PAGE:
Team reflection makes resilience-related knowledge explicit through collaborative sensemaking: observation study at a rail post

Aron Wolf Siegel, Jan Maarten Schraagen

Research output: Contribution to journalArticleAcademicpeer-review

18 Citations (Scopus)
169 Downloads (Pure)


Resilience is defined as the ability to adaptively deal with system boundaries in the face of the unexpected and unforeseen (Branlat and Woods in AAAI Fall Sympoisum, 2010. We hypothesize that drawing upon resilience-related knowledge is a prerequisite for such adaptivity. This paper proposes team reflection (Ellis et al. in Curr Dir Psychol Sci 23(1):67–72, 2014) as a macrocognitive function to make the resilience-related knowledge explicit. This knowledge is implicitly available with individual team members active at the sharp end but is never explicitly shared due to invisibility of goal-relevant constraints. To overcome this invisibility, we suggest an application that makes changes in the current rail socio-technical system visible in terms of the three system boundaries, a variation of the originally proposed by Rasmussen (Saf Sci 27(2/3):183–213, 1997): safety, performance and workload. This allows a team of rail signallers to analyse movements towards system boundaries and share knowledge on these movements. An observational study at a rail control post was conducted to assess the value of team reflection in making resilience-related knowledge explicit. For this purpose, we developed a first prototype of the application concerning the performance boundary only. Using naturalistic observations of a team during a week, we observed how they reflected at the end of their shift on salient system changes. A global content analysis was used to show the relevance of the content to resilience and to test the increase in the resilience-related knowledge throughout the observation period. A specific case of a human approaching the rail tracks, as a potential suicide, was analysed in detail. The results show the value of team reflection on system movements towards their boundaries, thus making goal-relevant constrained knowledge explicit within the operational rail environment.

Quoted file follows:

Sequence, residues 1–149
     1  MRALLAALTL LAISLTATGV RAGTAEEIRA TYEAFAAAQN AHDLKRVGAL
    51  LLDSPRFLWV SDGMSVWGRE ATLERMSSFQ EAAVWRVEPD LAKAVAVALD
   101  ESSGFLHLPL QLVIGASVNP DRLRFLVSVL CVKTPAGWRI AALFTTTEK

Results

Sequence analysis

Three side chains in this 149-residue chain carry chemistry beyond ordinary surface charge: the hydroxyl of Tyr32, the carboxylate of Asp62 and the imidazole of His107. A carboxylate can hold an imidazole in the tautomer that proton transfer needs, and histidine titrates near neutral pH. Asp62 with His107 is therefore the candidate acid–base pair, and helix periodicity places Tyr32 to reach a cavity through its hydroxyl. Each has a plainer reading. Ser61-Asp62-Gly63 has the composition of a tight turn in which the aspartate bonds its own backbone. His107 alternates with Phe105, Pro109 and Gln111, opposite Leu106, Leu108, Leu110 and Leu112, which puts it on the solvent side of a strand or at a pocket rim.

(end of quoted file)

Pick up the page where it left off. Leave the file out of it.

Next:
Original languageEnglish
Pages (from-to)127-142
JournalCognition, technology and work
Issue number1
Publication statusPublished - 5 Jan 2017


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